Five Leaderships Habits You Should Adopt Immediately

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This is inspired by a post elsewhere that's a little old, but hey, it's a pretty evergreen topic and merits visiting and revisiting anyway from time to time. The gist of it is: blog Duct Tape Marketing has identified and explained "five habits that market leaders embrace."

They are as follows: network, participate, teach, cooperate and host.

The key word here in all of this is "habits," in that these aren't things you should be doing whenever you kinda sorta feel like maybe doing them. Even if you're strict and don't want to allow other folks to influence your management style too much, it's pretty tough to find fault with any of these five. You might gravitate more towards and more fascinated with one of them, but they're all essential, even from an objective perspective.

For example, "teach" speaks the most to me at the moment, yes, because I also am now a teacher at Second City, but I also find this is relevant for some of the newer Inc. Well writers I'm nurturing at the moment. Very often I have this conversation:

Them: "I just don't know what I have to offer to teach someone else. My experience isn't that interesting."

Me: "Well, that's the thing. Your experience is your experience, and you're forgetting that nobody else has it. You understand things and take them for granted because they're your hard-won lessons."

Them: "I guess…"

If teaching has taught me anything, it's that we don't realize how much we actually know. I've seen this firsthand when I am lecturing and see my students write down something. It isn't even me making a point per se, but just me stating something I feel is largely inconsequential or is merely being mentioned in the lecture to transition into something else.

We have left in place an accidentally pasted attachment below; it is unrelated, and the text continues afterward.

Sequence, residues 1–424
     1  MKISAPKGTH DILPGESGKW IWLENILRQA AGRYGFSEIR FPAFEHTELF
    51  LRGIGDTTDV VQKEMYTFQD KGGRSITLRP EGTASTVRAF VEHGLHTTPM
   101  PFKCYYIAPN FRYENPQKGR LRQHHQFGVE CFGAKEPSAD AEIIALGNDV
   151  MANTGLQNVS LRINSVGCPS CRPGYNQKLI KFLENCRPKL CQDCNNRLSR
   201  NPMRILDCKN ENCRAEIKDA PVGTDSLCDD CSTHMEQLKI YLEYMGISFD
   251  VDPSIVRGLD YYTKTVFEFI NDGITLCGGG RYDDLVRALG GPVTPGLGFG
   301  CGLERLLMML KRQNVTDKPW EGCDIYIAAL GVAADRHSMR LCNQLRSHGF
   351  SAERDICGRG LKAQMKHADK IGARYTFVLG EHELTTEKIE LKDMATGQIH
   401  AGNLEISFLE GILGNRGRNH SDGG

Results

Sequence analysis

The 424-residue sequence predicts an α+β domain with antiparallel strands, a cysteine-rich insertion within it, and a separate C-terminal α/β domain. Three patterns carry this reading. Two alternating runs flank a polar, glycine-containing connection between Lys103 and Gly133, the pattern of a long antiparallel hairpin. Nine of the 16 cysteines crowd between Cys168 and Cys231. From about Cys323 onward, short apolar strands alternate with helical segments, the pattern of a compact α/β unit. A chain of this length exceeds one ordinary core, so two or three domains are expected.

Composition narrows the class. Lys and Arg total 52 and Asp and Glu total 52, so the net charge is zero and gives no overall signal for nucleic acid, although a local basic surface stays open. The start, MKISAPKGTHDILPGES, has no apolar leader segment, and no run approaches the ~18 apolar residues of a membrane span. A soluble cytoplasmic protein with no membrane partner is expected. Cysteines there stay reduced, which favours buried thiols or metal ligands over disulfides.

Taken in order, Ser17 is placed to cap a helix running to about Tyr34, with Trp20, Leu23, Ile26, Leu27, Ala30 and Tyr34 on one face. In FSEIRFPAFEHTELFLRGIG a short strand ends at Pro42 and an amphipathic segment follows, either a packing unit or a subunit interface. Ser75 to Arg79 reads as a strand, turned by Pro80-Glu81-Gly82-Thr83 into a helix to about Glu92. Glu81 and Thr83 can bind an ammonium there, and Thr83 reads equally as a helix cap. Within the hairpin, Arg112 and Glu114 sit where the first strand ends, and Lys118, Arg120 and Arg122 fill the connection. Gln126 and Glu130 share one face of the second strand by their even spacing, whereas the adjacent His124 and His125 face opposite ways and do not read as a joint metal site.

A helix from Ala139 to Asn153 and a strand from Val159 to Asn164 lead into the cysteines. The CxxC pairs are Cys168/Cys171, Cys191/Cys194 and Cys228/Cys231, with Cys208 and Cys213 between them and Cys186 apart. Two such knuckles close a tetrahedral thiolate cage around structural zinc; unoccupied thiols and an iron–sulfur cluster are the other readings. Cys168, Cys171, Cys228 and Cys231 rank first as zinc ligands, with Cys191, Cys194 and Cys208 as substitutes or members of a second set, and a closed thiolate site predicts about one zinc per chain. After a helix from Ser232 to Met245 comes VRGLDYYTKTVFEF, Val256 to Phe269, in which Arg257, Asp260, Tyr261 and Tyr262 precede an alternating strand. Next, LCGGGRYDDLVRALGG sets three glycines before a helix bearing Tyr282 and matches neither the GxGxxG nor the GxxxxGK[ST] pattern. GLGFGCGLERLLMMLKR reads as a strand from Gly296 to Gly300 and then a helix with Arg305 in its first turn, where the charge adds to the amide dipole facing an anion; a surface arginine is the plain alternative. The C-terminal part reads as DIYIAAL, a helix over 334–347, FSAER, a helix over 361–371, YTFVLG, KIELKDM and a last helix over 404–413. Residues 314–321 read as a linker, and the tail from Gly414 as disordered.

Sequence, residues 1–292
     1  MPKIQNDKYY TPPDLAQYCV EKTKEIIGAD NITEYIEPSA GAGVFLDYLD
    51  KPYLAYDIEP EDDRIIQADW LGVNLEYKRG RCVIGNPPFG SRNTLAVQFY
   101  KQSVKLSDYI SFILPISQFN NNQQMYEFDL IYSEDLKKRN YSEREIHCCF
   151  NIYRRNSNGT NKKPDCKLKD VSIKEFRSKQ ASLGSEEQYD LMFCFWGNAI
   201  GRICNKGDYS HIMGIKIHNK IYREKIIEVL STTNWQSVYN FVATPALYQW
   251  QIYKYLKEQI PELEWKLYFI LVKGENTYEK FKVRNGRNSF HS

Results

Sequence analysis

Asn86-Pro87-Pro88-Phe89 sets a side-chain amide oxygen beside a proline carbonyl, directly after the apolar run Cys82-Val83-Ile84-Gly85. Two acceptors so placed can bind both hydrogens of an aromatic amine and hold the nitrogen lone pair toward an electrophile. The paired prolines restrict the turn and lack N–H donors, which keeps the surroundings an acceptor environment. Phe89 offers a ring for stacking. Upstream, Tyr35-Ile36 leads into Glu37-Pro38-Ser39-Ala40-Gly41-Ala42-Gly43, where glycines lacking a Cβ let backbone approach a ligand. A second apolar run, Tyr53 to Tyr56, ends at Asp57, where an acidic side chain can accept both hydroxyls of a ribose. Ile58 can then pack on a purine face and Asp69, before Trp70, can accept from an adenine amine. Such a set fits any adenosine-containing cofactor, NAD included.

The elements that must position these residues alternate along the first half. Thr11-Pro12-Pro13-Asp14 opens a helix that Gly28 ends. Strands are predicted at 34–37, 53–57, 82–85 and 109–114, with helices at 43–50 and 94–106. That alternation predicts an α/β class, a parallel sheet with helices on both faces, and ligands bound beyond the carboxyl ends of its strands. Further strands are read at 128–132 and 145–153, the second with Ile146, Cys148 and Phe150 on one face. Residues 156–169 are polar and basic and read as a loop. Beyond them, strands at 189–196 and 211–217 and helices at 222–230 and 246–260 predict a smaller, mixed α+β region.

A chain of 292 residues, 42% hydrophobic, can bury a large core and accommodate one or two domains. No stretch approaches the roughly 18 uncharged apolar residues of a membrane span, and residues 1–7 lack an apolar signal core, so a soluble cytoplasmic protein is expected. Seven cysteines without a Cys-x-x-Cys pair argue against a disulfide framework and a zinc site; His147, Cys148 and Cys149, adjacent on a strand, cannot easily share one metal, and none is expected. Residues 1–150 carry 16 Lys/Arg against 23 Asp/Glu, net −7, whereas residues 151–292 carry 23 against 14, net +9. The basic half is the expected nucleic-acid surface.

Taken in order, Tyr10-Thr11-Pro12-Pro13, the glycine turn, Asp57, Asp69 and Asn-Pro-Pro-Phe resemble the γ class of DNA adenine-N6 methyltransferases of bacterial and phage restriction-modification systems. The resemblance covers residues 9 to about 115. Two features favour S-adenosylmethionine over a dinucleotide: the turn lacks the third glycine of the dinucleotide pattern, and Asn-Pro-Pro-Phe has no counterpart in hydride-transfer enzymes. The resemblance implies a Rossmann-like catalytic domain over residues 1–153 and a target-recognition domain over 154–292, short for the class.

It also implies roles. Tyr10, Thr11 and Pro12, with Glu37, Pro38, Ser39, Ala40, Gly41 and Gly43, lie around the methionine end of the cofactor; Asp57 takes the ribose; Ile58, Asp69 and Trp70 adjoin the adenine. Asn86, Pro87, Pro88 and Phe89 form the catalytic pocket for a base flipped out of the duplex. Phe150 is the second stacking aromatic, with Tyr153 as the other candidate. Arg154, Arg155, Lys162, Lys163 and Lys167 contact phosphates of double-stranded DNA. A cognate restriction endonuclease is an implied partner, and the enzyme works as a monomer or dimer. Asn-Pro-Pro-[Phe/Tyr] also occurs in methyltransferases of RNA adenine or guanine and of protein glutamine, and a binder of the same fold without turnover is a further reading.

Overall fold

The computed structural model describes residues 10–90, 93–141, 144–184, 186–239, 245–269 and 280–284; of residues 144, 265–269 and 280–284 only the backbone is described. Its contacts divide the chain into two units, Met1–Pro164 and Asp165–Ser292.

Point being: Check out these habits and make them your own, and never ever break 'em.

David Wolinsky is a freelance writer and a lifelong Chicagoan. In addition to currently serving as an interviewer-writer for Adult Swim, he's also a comedy-writing instructor for Second City. He was the Chicago city editor for The Onion A.V. Club where he provided in-depth daily coverage of this city's bustling arts/entertainment scene for half a decade. When not playing video games for work he's thinking of dashing out to Chicago Diner, Pizano's, or Yummy Yummy. His first career aspirations were to be a game-show host.

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